January 30, 2006 Leave a comment

Prakash is linking to some great stuff on Artima. A good read.

Quote

How to Use Design Patterns? A Discussion with GAMMA

Among developers, design patterns are a popular way to think about design, but what is the proper way to think about design patterns? In this interview, Erich Gamma, co-author of the landmark book, Design Patterns, talks with Bill Venners about the right way to think about and use design patterns.
 
More here….
 
Categories: Uncategorized

Talking about How to learn, write and think more clearly?

January 24, 2006 Leave a comment

 Nice entry from Prakash. It takes atleast 30 minutes though

Quote

How to learn, write and think more clearly?

It is well worth ten minutes as it tells you how to learn, write and think more clearly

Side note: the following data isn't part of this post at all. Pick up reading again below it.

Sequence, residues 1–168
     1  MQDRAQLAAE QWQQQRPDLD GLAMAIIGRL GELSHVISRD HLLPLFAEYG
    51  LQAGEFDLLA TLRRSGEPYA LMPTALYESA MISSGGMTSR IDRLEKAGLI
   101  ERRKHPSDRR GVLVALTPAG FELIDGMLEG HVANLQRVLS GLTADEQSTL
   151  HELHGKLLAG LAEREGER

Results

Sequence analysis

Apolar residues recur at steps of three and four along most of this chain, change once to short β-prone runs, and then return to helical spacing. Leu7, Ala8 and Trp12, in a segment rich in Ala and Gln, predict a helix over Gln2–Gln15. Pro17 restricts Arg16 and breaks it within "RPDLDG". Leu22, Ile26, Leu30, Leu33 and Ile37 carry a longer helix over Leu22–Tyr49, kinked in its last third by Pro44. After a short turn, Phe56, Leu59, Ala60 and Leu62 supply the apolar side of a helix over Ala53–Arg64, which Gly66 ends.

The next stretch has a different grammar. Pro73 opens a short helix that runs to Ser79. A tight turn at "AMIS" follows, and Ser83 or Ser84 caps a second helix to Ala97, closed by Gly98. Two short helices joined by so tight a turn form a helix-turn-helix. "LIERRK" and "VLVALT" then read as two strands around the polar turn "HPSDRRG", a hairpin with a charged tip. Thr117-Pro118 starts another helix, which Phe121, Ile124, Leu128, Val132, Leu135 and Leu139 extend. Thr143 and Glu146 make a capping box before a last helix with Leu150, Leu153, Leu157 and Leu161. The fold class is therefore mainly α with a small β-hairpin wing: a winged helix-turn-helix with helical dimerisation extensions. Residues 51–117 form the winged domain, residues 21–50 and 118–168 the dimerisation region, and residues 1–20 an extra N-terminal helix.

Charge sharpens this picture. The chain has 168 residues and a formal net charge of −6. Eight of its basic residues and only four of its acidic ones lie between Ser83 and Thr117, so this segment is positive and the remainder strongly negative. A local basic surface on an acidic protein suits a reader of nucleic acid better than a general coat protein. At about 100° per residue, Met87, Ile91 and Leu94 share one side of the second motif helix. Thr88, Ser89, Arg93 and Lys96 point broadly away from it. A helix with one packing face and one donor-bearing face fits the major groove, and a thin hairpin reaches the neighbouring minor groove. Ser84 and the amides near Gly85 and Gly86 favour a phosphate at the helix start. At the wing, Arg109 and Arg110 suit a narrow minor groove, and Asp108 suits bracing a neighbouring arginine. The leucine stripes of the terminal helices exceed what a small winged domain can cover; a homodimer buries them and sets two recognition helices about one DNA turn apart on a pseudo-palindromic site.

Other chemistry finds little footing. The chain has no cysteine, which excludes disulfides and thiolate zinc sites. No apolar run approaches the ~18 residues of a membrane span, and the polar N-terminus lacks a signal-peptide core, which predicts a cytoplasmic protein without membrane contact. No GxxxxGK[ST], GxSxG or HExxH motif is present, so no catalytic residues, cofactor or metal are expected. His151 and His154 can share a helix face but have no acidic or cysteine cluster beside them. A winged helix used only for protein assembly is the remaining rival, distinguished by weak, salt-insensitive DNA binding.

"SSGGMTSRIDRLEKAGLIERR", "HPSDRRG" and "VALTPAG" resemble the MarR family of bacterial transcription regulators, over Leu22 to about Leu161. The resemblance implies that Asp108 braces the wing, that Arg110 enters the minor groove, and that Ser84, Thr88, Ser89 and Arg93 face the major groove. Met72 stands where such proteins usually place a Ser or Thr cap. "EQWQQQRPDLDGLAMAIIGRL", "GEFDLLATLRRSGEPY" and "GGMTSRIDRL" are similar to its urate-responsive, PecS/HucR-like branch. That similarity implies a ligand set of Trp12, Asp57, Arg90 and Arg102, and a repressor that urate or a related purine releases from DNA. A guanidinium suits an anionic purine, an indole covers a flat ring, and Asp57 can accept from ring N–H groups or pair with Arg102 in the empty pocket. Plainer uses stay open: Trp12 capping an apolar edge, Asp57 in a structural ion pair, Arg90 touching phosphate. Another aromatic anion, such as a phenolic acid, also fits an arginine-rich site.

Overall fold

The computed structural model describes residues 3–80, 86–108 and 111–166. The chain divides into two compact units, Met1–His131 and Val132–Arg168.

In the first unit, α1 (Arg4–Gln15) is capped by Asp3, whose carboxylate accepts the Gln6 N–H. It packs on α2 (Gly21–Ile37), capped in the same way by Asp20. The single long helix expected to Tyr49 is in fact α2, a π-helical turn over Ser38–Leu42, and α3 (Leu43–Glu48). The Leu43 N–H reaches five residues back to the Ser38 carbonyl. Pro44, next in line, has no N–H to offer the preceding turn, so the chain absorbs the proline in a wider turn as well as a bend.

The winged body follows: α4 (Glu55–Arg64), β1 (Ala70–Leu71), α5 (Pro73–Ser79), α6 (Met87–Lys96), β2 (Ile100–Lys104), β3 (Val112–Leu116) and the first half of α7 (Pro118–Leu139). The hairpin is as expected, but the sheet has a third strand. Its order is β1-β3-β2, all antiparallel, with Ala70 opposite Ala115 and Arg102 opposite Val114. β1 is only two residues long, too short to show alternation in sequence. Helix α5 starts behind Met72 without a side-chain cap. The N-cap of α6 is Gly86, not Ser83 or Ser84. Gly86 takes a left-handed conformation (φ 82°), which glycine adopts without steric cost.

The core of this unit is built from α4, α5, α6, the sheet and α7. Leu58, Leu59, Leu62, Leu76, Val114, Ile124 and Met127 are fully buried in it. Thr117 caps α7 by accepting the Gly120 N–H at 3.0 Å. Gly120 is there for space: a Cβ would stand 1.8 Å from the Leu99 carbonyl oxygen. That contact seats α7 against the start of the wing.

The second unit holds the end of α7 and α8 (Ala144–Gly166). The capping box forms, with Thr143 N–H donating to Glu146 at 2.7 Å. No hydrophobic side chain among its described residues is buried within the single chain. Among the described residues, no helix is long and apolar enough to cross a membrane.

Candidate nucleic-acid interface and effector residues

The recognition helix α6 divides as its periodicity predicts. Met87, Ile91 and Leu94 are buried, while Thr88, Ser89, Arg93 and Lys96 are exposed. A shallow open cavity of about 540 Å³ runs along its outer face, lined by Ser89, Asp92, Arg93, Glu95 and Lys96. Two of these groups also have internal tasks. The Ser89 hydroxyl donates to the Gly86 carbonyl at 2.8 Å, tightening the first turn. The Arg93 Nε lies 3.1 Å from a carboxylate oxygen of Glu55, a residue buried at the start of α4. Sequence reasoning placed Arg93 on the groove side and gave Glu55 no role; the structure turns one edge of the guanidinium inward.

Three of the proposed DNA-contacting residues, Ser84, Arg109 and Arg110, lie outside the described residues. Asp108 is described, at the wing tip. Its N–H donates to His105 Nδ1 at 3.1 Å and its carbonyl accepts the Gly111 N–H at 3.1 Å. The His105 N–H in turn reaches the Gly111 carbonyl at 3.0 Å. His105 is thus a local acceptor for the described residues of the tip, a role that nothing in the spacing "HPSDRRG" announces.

Categories: Uncategorized

Waiting for something to happen – Manual and AutoResetEvents

January 19, 2006 2 comments
Assume we have a scenario like this. A component has to call 3 web services to get the data. Instead of calling them one by one in a serial fashion, the component calls them asynchronously. After the component has all the three sets of data, let us say that the component processes the data. It needs to know when all the three method calls complete. One way of doing this is by polling for completion of the three async calls.
 
public class ABusinessComponent {
    public void DoSomething() {
        // Call Web Service 1 Asyncly
        // Call Web Service 2 Asyncly
        // Call Web Service 3 Asyncly
 
        while(service1Done == false && service2Done  == false && service3Done == false) {
            Thread.Sleep(500);
        }
 
        // Do the processing
 
    }
    private bool service1Done = false;
    private bool service2Done = false;
    private bool service3Done = false;
    public void Service1DoneCallback(IAsyncResult arResult) {
       service1Done == true;
    }
    public void Service2DoneCallback(IAsyncResult arResult) {

       service2Done == true;